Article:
Here's what you should put in a cover letter.
Whatever work you normally do, you become a salesperson when you start job-hunting – and your product is yourself. Think of your cover letter as the glossy brochure you can use to promote yourself to prospective employers. But before you start writing, you have to know what to include in a cover letter to make it stand out from all the others.
A great opener
According to Glassdoor, recruiters and hiring managers spend an average of six seconds perusing each CV. That means you need to have something in the first paragraph of your cover letter that will grab a reader's attention and get him interested enough to read the rest. Your opening paragraph may be the only part of the cover letter that the hiring manager ever reads, so it should be a knockout.
The opening paragraph is a great place to use your elevator pitch. Your pitch should provide a brief summary of who you are, what you do and why the other person should care. Keep in mind that the first person to read your cover letter will likely be a human resources employee rather than someone in your own field, so industry-specific words and acronyms may fly right over his head.
For example, let's say you are a website developer with top-notch coding skills. While you're no doubt proud of your technical expertise, throwing a bunch of programming jargon into your opener will just make a hiring manager's eyes glaze over. Instead, consider saying something like 'I'm a website developer who provides companies with cutting-edge, award-winning websites that customers love'. Now that's a pitch that might make even the most non-technical hiring manager sit up and take notice.
(Professional-looking) contact information
Your CV and cover letter should both include your phone number and email address at least, but consider adding links to your social media accounts as well, especially if you have a LinkedIn account. Beware though, because some kinds of contact information can hurt you instead of help you. For example, having the email address firstname.lastname@example.org might give you and your friends a giggle, but it probably won't impress a hiring manager. Also, don't include a link to your Facebook profile if there's anything on your account that you wouldn't want your future boss to see.
If your email address is even faintly dubious, set up a new, professional-sounding one to put in your cover letter and CV. Using your first name and last name or your first initial and last name for the first part of the email address will give it a professional tone.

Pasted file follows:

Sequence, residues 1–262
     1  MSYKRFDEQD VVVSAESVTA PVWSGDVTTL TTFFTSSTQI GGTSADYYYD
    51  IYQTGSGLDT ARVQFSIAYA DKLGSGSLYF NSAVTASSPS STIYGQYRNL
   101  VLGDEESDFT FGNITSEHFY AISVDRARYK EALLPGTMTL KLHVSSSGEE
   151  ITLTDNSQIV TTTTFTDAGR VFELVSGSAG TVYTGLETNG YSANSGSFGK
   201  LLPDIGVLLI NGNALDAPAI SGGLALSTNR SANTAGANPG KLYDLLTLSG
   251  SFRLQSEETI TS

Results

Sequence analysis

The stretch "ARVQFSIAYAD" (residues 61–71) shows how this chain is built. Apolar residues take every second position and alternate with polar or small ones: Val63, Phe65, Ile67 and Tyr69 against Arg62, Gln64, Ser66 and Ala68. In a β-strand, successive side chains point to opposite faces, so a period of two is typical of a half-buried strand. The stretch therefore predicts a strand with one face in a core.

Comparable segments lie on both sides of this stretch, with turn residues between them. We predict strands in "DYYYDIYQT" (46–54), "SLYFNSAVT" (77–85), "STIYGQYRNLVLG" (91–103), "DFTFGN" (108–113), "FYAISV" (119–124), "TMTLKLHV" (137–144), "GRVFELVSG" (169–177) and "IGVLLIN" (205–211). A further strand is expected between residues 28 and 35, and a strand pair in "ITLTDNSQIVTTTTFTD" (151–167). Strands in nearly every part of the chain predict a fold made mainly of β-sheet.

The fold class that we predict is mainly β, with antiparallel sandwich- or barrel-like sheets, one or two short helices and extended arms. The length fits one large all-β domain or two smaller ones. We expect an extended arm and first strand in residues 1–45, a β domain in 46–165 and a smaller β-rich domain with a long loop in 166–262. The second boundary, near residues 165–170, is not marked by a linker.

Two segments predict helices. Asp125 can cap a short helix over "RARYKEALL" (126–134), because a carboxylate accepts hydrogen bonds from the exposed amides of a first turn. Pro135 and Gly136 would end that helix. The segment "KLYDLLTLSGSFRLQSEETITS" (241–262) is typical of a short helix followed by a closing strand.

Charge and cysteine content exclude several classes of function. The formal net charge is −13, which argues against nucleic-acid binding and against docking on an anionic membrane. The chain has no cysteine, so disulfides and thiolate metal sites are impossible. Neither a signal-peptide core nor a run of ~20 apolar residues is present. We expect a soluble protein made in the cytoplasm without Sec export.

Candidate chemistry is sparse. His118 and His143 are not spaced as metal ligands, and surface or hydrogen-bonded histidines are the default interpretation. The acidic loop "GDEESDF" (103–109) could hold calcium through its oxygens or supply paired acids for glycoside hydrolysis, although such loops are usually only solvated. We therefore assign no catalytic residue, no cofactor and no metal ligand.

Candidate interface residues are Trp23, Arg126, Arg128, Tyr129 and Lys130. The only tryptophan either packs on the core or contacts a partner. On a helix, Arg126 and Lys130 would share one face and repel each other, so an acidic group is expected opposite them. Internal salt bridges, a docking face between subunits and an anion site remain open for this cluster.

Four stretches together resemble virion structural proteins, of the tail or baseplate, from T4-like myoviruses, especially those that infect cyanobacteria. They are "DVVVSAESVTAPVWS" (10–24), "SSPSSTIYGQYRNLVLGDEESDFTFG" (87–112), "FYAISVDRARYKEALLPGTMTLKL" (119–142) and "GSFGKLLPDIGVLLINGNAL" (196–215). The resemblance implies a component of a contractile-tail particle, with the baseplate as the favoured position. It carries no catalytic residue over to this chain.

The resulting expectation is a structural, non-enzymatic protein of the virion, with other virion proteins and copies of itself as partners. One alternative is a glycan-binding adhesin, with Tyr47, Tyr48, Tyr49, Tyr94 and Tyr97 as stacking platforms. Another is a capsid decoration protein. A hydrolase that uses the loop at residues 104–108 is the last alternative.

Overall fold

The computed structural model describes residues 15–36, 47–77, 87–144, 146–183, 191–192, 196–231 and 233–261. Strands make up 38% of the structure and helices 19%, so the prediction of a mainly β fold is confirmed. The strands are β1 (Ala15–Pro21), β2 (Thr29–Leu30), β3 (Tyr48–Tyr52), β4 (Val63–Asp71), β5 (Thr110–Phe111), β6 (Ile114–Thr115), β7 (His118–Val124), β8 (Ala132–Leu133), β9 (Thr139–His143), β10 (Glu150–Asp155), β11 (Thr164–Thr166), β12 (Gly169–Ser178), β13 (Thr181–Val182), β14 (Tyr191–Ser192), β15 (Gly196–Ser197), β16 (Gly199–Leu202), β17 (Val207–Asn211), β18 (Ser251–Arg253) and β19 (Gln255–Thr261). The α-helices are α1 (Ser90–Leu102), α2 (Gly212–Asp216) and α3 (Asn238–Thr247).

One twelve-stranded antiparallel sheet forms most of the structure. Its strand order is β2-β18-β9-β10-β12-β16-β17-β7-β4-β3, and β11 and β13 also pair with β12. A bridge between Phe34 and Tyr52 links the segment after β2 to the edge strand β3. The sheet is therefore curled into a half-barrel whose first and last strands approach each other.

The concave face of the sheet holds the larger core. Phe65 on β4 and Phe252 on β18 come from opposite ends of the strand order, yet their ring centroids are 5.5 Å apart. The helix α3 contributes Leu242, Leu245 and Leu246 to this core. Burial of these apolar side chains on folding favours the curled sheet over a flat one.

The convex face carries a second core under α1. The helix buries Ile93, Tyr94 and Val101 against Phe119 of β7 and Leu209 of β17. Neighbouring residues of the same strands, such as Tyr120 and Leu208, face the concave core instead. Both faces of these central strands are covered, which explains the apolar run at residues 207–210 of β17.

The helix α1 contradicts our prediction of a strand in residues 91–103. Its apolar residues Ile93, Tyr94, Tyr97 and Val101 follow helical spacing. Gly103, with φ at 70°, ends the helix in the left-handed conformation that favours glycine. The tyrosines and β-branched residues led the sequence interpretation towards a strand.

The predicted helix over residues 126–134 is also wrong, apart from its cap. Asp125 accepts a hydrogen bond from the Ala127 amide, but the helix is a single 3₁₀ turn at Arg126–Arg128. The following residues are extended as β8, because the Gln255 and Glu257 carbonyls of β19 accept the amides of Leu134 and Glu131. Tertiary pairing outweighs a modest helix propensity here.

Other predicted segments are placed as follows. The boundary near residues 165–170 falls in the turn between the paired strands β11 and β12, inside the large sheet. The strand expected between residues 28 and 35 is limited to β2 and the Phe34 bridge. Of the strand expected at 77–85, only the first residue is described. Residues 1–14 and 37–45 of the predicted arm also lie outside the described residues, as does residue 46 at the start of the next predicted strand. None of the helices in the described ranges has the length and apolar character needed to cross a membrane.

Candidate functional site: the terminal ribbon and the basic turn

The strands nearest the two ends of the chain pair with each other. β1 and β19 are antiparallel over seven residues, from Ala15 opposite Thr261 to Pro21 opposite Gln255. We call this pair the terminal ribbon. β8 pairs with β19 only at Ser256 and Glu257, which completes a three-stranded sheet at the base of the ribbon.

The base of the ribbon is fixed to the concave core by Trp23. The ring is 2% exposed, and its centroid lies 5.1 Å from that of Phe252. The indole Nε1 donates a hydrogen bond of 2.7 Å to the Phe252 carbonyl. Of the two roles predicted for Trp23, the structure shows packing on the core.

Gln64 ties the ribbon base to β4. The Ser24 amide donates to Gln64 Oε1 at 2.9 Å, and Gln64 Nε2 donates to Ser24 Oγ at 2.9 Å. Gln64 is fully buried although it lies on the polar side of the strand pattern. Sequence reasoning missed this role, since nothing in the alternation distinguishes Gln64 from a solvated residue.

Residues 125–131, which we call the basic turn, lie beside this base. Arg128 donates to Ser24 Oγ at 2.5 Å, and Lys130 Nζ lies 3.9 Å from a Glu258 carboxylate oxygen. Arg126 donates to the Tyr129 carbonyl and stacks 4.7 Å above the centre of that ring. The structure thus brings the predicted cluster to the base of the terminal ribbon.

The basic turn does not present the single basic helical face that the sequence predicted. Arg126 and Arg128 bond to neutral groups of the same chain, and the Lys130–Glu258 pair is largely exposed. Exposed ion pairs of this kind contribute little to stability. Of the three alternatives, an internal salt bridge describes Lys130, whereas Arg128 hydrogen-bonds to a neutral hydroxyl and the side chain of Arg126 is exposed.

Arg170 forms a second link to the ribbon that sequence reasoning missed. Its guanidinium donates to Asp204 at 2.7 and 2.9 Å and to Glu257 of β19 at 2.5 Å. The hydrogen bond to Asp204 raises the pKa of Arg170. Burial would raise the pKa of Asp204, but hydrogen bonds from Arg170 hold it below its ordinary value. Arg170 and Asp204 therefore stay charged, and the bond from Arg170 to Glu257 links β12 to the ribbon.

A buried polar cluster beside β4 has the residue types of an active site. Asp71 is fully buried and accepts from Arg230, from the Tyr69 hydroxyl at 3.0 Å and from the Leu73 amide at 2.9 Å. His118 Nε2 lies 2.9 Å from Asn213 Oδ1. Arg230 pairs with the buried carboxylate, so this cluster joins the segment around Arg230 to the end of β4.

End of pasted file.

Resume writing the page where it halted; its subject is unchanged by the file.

If you're employed, don't use your work email address or phone number on your cover letter – that's an excellent way to lose your current job before you're ready to change employers. Even if your boss knows about your job hunt, she won't be thrilled about your using company resources to do it. And if you think she won't find out, think again – many companies quietly monitor employee emails and phone calls.
Details from the job advert
When you apply for any job, you want to make it as easy as possible for the hiring manager to see that you're a fit for the position. One great way to do so is to parrot the requirements from the advert in your cover letter, then describe how you meet those requirements.
Pick at least three or four requirements and lay them out in bullet points; that will draw the hiring manager's eyes over to them during his initial quick skim of your cover letter. Each bullet point can consist of one requirement and a brief but specific description of how you meet it. For example, if the advert calls for management experience, you might say something like 'Management experience: I currently supervise a team of 14 widget-sorters'. Use actual numbers whenever possible; they make a much bigger impact than general statements.
The exact job title from the advert is also a wise choice to include in a cover letter, preferably in the first paragraph. The hiring manager reading your letter may be dealing with dozens of different job openings, so using a job title he'll recognise right away will make it easy for him to classify your application correctly.
Now that you know what to put in a cover letter, it's time to fire up your favourite word processing program and start writing. Once you've written one really good letter, you can use it as a template for others – but you still need to take the time to customise each and every cover letter you write. A generic-sounding letter – or worse, one that includes bits of information from a previous job application – will get binned. One that clearly shows the recruiter both your excellent qualifications and your professionalism, however, can move you up to the next stage of the hiring process.
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